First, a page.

The EPA, USDA, and FDA – all with somewhat overlapping and contradictory regulatory processes – are captive to serving these narrow corporate interests with their constant need to amplify and modify the scientific, legal, and political economic frameworks that prevent scientists from the conduct of accurate and independent (preferably professional third party) verification of all relevant cumulative risk and environmental justice impacts of GMO crops including all new pending transgenic and post-transgenic technologies.
As a service to our readers, we are reposting Ramon J. Seidler’s article. The original source is here: The Ashland Tribune.

Image courtesy of Our Family Farms Coalition
Scientists find multiple problems with GMOs

Ramon J. Seidler, Ph.D. |  Jackson County, Oregon | April 13, 2014

“GMO seeds have not been shown to definitively increase yield potentials” and “in fact, the yields of herbicide-tolerant or insect-resistant seeds may be occasionally lower than the yields of conventional varieties.”
A February 2014 U.S. Department of Agriculture report declared what many scientists already knew: There are no significant differences in yields of GMO and non-GMO crops. When asked about the USDA report, the chief technology officer for Monsanto declared, “American farmers are smart and wouldn’t adapt a technology that didn’t have tangible benefits.”
Are the USDA and scientists around the world wrong in their conclusion about failure to yield? No.
Agroeconomists have shown repeatedly that the best-yielding, most-affordable crop varieties, to “feed the world”, are those derived from conventional non-GMO hybrids (U.N Commission on Trade and Development).
Furthermore, CNBC’s chief news correspondent, Mark Koba, quoted Mark Spitznagel, the chief investment officer of a billion-dollar investment firm, as saying GMOs are “distorting the natural process and will eventually lead to ruin,” and, “Agriculture is heading for a wall.”
Patented GMO crops stifle research
As a lifelong scientist, I am deeply troubled to report that promises of patent enforcement by American agrichemical seed companies have prevented U.S. scientists from researching what some exclaim are “problems” associated with GMO crops. We will not know the facts as long as the seeds and plants that we, our children, pets and livestock consume are not made available for conducting long-term, controlled experiments.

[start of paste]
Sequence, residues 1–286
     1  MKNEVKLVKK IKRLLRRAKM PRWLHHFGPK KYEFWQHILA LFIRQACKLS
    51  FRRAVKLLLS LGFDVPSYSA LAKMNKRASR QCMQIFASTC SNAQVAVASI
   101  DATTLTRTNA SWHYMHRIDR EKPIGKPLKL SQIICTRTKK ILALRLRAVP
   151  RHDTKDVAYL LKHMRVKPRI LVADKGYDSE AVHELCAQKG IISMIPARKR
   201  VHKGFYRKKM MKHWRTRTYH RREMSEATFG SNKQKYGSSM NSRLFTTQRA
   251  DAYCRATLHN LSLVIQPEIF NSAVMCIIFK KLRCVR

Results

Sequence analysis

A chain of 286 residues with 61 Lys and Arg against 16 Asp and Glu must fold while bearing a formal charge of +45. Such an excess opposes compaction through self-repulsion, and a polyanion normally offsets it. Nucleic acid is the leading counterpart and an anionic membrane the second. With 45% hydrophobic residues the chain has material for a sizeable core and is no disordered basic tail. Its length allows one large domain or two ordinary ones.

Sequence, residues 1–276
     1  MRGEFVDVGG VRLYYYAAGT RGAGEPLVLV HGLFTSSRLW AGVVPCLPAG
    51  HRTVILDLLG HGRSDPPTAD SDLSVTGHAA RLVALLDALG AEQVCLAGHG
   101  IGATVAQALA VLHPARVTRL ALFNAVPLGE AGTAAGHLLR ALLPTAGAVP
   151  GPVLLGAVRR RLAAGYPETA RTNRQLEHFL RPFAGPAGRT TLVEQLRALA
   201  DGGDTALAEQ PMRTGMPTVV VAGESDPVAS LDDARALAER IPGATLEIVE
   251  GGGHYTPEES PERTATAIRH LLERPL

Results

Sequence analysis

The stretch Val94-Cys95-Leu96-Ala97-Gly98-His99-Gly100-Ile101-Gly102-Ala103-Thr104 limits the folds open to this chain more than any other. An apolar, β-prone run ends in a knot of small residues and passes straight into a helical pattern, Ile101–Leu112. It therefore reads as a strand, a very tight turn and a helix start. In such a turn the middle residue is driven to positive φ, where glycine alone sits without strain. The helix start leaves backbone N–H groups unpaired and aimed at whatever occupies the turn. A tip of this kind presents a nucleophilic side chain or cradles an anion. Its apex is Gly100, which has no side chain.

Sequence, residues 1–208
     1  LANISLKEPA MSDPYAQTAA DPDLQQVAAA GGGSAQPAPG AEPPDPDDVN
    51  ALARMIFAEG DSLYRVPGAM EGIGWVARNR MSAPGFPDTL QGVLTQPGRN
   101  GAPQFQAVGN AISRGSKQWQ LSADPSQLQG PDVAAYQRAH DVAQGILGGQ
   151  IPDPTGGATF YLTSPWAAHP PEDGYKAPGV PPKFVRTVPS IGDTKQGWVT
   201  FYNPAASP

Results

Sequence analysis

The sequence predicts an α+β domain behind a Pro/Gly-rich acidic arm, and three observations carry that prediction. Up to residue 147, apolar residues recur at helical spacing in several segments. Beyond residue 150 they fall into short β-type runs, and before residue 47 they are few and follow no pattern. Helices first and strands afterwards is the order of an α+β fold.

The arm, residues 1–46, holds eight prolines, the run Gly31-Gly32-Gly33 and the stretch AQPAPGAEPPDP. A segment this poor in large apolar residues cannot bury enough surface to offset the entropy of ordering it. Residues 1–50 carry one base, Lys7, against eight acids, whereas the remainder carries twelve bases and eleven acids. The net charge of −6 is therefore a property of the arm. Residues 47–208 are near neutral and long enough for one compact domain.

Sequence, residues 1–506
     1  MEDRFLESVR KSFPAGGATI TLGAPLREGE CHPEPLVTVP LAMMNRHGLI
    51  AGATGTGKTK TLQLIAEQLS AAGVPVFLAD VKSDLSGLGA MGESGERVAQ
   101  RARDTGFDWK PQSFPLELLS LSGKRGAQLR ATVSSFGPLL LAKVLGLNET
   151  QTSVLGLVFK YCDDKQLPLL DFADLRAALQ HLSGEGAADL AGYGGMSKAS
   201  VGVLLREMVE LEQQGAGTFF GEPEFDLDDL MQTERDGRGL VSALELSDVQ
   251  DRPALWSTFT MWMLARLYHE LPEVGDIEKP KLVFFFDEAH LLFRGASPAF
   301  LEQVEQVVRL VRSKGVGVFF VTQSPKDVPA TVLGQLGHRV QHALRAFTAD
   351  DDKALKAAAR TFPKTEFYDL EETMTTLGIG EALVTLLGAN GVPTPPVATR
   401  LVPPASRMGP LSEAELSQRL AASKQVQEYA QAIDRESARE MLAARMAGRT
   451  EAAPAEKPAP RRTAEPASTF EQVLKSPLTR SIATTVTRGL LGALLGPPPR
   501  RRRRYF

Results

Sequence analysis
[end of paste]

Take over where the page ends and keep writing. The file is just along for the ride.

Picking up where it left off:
Norwegian scientists recently detected Roundup in 10 of 10 farms using genetically engineered soybeans. We had to also learn from these Norwegian (not American) scientists that the nutritional composition of soybeans grown on 31 Ohio farms differed depending upon the type of farm management system employed. Soybeans harvested from organic farms had higher concentrations of protein and essential amino acids, and higher concentrations of two minerals, and no Roundup residues (Food Chem. 2014).
Now we know from the scientific literature that the same concentrations of Roundup residues in soybeans is sufficient in laboratory assays to: induce hormone disruptions during frog development (mixed-sex frogs); kill young trout and tadpoles; stop the growth of earthworms in soil; inhibit activities of beneficial soil and human gut bacteria; and stimulate the growth of human breast-cancer cells assayed under laboratory conditions.
Toxin-resistant corn rootworm outbreaks are plaguing at least five Midwest corn-growing states, and the problems are related to failures in GMO management techniques (Proceedings, National Academy of Sciences, March 2014). An entomology professor from Cornell stated resistance problems could have been resolved sooner if Monsanto had allowed American scientists access to investigate and confirm the presence of the toxin-resistant insects (http://wrd.cm/1qogw9e).
A premier seed-growing location
Syngenta, a foreign corporation, is here in Jackson County producing Roundup-resistant seeds for Midwest sugarbeet plantations. The history of this agrochemical corporation goes deep to the first productions of DDT, 2,4-D, and manufacture of the controversial herbicide, Atrazine. This history seems consistent with the recent announcement that Syngenta will use a probable carcinogen, isoxaflutole (isox) initially on their U.S. soybeans. Scientists predict that isox use will greatly accelerate and will soon become one of the new controversial poisons used on our foods. One can only wonder if Syngenta will conduct exploratory experiments locally with sugarbeets using isox or 2,4-D.
More secrecy
Unfortunately, seed buyers have canceled local Swiss chard contracts because of the likelihood of cross-pollination by sugar beets. Sugar beet pollen travels two to four miles (Beta Seed Company, Oregon) and cross-pollination is likely with chard because GMO farms are usually secretly located. Syngenta contributes little to the local economy, while closing down business opportunities of permanent, local, tax-paying American farmers. Since glyphosate is already in our urine, air and rain, it was frightening to learn one of the known Syngenta crop farms is situated in proximity to two of Ashland’s schools.
I, personally, resent this intrusion since my stepdaughter is a student at this school. She doesn’t have the opportunity to know when the Roundup-containing hormone disruptor(s) will be flying through the air and be inhaled by young, developing students. Residents can take control of these insensitive practices by voting yes on 15-119 to return local control to where it belongs, here in Jackson County, not in Salem, not in Washington, D.C., and certainly not in Switzerland.
Ramon J. Seidler, Ph.D., of Ashland, is a professor of microbiology and a retired senior scientist and team leader for the Environmental Protection Agency’s biosafety program.

[1] Disclaimer: I served on the Board of Directors of the CRG between 1992-2002.